This post is also available in: heעברית (Hebrew)

Highway work zones are a dangerous environment to work in. In the United States, there are more than 12 crash-related fatalities every week in the road work zone. By removing the human from the most dangerous assignment in mobile highway operations, a new system originally developed for the military has the potential to save nearly 700 lives annually.

The advanced autonomous vehicle system has been recently enlisted to make North Dakota’s highway roads safer for workers. 

The Autonomous Truck-Mounted Attenuator (ATMA) is a driverless version of the mobile crash barriers utilized for road construction and highway maintenance vehicles, shielding workers and equipment ahead from errant drivers entering the work zone.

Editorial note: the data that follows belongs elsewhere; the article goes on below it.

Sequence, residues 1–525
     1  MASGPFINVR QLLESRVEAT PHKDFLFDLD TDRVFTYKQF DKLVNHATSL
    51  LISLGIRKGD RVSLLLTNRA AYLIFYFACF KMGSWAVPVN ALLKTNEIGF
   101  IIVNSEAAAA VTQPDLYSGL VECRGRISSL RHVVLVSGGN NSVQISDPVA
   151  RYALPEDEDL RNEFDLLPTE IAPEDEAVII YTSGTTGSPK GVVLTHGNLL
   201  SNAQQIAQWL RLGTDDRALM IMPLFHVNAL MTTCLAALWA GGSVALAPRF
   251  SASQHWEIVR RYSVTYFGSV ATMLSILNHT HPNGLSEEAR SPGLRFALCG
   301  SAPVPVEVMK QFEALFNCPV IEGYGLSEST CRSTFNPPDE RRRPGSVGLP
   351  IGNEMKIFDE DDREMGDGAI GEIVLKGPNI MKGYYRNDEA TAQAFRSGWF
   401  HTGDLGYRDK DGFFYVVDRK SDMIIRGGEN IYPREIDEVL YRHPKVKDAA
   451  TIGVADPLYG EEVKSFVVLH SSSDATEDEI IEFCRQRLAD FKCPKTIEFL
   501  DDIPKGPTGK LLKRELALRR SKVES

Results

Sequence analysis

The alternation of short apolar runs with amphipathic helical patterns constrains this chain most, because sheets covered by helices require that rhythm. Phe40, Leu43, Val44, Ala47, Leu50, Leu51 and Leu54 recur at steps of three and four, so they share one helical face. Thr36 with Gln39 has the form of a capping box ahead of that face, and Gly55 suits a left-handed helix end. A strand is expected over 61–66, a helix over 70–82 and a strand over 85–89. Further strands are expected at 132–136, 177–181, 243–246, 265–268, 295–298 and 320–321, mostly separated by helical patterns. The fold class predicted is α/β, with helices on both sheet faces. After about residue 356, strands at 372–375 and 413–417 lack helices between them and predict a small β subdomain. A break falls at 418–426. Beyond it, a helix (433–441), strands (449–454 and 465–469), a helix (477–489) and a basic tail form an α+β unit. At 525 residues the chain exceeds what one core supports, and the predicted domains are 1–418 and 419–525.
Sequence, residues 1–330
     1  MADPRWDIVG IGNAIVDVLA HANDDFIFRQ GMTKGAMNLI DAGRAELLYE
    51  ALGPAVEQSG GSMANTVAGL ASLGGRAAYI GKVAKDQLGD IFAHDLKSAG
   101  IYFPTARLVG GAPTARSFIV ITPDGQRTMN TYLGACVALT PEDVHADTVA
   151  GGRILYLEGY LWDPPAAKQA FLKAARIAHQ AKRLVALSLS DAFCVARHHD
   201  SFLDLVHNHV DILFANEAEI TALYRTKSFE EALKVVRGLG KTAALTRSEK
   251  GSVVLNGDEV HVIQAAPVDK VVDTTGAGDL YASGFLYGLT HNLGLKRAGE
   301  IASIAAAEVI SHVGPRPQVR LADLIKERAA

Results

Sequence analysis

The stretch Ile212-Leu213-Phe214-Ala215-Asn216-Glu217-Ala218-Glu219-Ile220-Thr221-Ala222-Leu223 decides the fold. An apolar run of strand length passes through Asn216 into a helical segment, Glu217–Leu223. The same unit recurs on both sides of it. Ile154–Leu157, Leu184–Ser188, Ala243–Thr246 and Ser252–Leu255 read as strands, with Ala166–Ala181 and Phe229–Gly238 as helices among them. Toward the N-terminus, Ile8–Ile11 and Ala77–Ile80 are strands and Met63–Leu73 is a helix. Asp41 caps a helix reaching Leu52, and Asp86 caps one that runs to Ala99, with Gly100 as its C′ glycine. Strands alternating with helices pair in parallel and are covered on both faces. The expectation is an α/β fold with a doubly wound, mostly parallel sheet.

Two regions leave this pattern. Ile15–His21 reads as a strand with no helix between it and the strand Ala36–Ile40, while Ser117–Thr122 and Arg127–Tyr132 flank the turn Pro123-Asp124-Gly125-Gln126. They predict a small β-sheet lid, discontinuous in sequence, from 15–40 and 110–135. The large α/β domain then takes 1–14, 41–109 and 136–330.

Truck-mounted attenuators, crash protection systems attached to the rear of trucks, have been in use in North Dakota for a while, but require someone behind the wheel. When another vehicle crashes into them, that driver can be injured.

The crash-protection prototype will be operated on the Interstate 29 corridor in 2021. If the test proves successful, the North Dakota Department of Transportation will aim to acquire more of the systems.

The technology was developed by Kratos Defense & Security Systems, which specializes in unmanned systems, in partnership with Royal Truck & Equipment. Kratos’ primary focus is on enhancing safety for fighting wars. But this is an area where the now mature technologies used to convert military convoy vehicles into unmanned systems can be repurposed, helping to protect slow-moving road sweeping and line striping vehicles and their occupants.

The pilot crash-protection project was made possible by a $241,687 grant from the US Federal Highway Administration, according to